You know those scenes toward the end of James Bond movies where the bad guy goes on and on about his elaborate plan and what a genius he is? That never happens in real life, right? No, in the real world the bragging is done in “confidential” documents that are never meant to see the light of day… but always do. Just ask the folks at Toyota.
The Japanese car giant is now on the hot seat once again after the uncovering of an internal memo gloating about saving $100 million by convincing U.S. regulators to close the books on a 2007 investigation into sudden acceleration complaints.
The result of that investigation was a relatively tiny recall of 55,000 Toyota Camrys and Lexus ES350 vehicles to have their floormats replaced.
The document, dated July 6, 2009, says that Toyota’s Washington, D.C. team was credited for having “negotiated [an] ‘equipment’ recall on Camry/ES,” saving the company over $100 million with no finding of a defect by the National Highway Traffic Safety Administration.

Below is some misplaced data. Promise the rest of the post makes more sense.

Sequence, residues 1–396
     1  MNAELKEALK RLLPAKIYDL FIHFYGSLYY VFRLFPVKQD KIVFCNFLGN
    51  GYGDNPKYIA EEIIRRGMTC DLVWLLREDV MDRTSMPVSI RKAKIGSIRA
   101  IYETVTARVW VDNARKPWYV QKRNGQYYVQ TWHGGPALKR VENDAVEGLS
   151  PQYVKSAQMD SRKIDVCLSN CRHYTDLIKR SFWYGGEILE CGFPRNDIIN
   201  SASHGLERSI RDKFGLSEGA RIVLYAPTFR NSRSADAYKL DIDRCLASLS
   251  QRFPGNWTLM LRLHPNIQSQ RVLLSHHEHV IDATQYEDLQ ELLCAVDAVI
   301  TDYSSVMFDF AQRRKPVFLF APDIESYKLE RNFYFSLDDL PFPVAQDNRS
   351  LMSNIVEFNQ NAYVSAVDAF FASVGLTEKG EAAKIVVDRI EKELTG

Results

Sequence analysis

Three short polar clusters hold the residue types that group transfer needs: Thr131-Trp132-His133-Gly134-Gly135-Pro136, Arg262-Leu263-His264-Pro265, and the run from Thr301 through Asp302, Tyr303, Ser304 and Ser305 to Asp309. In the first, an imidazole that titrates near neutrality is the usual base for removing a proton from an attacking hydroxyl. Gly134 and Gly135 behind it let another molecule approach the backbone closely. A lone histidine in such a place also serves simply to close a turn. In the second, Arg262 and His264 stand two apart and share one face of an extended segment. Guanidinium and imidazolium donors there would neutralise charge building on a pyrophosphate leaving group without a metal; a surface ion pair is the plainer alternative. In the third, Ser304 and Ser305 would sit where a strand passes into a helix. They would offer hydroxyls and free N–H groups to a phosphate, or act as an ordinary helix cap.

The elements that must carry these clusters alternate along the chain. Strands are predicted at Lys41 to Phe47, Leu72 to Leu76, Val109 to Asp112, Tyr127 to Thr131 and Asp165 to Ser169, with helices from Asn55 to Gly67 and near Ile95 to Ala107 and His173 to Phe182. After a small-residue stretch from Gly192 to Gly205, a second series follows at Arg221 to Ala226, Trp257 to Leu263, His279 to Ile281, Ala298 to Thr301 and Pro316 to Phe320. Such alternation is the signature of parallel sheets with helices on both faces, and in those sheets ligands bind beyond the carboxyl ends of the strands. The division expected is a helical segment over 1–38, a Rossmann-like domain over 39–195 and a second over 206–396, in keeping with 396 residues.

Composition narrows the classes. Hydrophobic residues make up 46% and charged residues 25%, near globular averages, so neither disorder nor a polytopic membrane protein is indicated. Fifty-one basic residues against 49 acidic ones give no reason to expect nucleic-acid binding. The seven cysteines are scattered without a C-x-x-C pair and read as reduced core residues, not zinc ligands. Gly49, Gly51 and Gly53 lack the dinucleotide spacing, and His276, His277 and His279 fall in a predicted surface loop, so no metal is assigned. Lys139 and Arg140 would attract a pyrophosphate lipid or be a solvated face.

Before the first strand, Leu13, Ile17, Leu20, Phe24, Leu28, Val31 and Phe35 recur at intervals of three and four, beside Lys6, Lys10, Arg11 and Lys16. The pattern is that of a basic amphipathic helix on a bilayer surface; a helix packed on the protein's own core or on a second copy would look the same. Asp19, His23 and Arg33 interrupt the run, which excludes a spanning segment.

In its defense, a Toyota released this statement: “Our first priority is the safety of our customers and to conclude otherwise on the basis of one internal presentation is wrong.”
This latest news doesn’t bode well for Toyota chief Akio Toyoda, who will be appearing before the House Committee on Oversight and Government Reform this Wednesday.
It remains to be seen if the revelations in this document will lead Congress to investigate any possible wrongdoing on the part of regulators who agreed to the lesser recall in 2007.